US7175663Oct 8, 2003Feb 13, 2007Biomet Manufacturing Corp.Shoulder implant assembly
US7189261Jan 9, 2004Mar 13, 2007Smith & Nephew, Inc.Modular humeral prosthesis and method
US7309360Jun 9, 2005Dec 18, 2007TornierSet of humeral components for total shoulder prosthesis
US7462197Jun 14, 2005Dec 9, 2008Tornier SasGlenoidal component of a shoulder prosthesis, set of elements constituting such a component and total shoulder prosthesis incorporating such a component
US7465319Dec 15, 2004Dec 16, 2008Tornier SasShoulder or hip prosthesis and process for fitting same
US7470287 *Jun 24, 2005Dec 30, 2008Tornier SasShoulder or hip prosthesis
US7621961Feb 12, 2007Nov 24, 2009Biomet Manufacturing Corp.Shoulder implant assembly
US7678150Jun 14, 2005Mar 16, 2010Tornier SasTotal shoulder prosthesis of an inverted type
US7758650Feb 6, 2007Jul 20, 2010Smith & Nephew, Inc.Modular humeral prosthesis and method
US7819923May 2, 2005Oct 26, 2010Biomet Manufacturing Corp.Shoulder prosthesis
US7887544Mar 8, 2004Feb 15, 2011Tornier SasAncillary tool for positioning a glenoid implant
US8062376Sep 23, 2005Nov 22, 2011Biomet Manufacturing Corp.Shoulder implant assembly
US8070820Feb 23, 2009Dec 6, 2011Biomet Manufacturing Corp.Shoulder implant assembly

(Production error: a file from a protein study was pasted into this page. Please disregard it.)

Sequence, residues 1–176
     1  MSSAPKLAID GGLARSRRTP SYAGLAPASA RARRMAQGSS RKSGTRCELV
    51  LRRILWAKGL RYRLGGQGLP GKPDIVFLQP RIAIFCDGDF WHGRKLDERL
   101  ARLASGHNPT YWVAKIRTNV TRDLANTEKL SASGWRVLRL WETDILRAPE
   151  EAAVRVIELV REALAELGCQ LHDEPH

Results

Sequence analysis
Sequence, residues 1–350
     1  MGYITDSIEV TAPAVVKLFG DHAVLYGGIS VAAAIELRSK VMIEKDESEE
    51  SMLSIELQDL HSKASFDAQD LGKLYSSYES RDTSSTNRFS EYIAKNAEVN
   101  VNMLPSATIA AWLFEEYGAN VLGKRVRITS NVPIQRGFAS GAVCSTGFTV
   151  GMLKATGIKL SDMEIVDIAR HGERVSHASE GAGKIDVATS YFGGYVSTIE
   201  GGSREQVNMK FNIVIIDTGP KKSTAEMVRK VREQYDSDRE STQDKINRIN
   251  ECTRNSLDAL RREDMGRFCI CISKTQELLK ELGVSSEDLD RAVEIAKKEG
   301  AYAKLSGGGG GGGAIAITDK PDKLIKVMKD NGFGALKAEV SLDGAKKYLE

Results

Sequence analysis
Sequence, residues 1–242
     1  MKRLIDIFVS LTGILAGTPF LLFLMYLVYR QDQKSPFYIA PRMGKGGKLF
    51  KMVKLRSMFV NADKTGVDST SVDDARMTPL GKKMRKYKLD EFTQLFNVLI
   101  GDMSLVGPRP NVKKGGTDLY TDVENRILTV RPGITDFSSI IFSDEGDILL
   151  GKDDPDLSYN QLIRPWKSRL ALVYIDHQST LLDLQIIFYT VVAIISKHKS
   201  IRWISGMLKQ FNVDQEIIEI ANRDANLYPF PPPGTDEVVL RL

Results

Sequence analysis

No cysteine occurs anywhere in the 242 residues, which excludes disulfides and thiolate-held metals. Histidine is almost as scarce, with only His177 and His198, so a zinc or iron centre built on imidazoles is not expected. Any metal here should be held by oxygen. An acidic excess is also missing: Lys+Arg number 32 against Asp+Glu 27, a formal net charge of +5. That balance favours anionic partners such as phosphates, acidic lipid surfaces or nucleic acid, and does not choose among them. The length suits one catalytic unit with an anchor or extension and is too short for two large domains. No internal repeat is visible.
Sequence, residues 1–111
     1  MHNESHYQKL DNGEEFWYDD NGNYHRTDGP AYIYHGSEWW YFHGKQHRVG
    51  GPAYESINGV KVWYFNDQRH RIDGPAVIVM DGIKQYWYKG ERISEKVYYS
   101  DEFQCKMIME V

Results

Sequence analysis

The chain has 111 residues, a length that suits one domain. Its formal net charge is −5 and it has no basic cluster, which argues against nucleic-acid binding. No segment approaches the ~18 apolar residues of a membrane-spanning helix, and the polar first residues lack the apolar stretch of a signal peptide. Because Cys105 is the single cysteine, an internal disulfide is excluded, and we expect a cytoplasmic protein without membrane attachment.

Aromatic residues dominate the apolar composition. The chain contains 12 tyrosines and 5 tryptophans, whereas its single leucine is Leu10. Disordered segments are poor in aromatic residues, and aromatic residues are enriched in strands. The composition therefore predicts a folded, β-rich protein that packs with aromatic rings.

US8080063Apr 13, 2007Dec 20, 2011Tornier SasGlenoid component with an anatomically optimized keel
US8187282Jun 28, 2007May 29, 2012Tornier SasAncillary tool for positioning a glenoid implant
US8236059Oct 25, 2010Aug 7, 2012Biomet Manufacturing, Inc.Shoulder prothesis
US8277511Oct 21, 2008Oct 2, 2012Tornier SasShoulder or hip prosthesis and method for setting same
US8287600Nov 7, 2006Oct 16, 2012Exactech, Inc.Mounting system and method for enhancing implant fixation to bone
US8303665Jun 8, 2005Nov 6, 2012Tornier SasGlenoidal component, set of such components and shoulder prosthesis incorporating such a glenoidal component
US8702804Dec 2, 2011Apr 22, 2014Biomet Manufacturing, LlcVariable prosthesis
US8795379Dec 2, 2011Aug 5, 2014Biomet Manufacturing, LlcVariable prosthesis
US20130289739 *Jun 24, 2013Oct 31, 2013Merete Medical GmbhModular Joint Prosthesis
EP0530323A1May 17, 1991Mar 10, 1993MIKHAIL, Michael W.E.Femoral stem prosthesis
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WO2003075806A1Mar 4, 2003Sep 18, 2003Smith & Nephew IncIntramedullary trial fixation device
Classifications
U.S. Classification623/23.4
International ClassificationA61F2/30, A61F2/00, A61F2/40, A61F2/32
Cooperative ClassificationA61F2/40, A61F2002/3216, A61F2230/0071, A61F2002/30247, A61F2002/30975, A61F2002/30242, A61F2002/4085, A61F2002/30665, A61F2002/30574, A61F2/4081, A61F2002/4033
European ClassificationA61F2/40
Legal Events
DateCodeEventDescription
Nov 27, 1992ASAssignment
Owner name: HOWMEDICA INC., NEW YORK
Free format text: CHANGE OF NAME;ASSIGNOR:PFIZER HOSPITAL PRODUCTS GROUP, INC.;REEL/FRAME:006329/0648
Effective date: 19920709
Oct 18, 1985ASAssignment
Owner name: PFIZER HOSPITAL PRODUCTS GROUP, INC. A CORP OF DE.
Free format text: CHANGE OF NAME;ASSIGNOR:HOWMEDICA, INC.;REEL/FRAME:004470/0386
Effective date: 19840626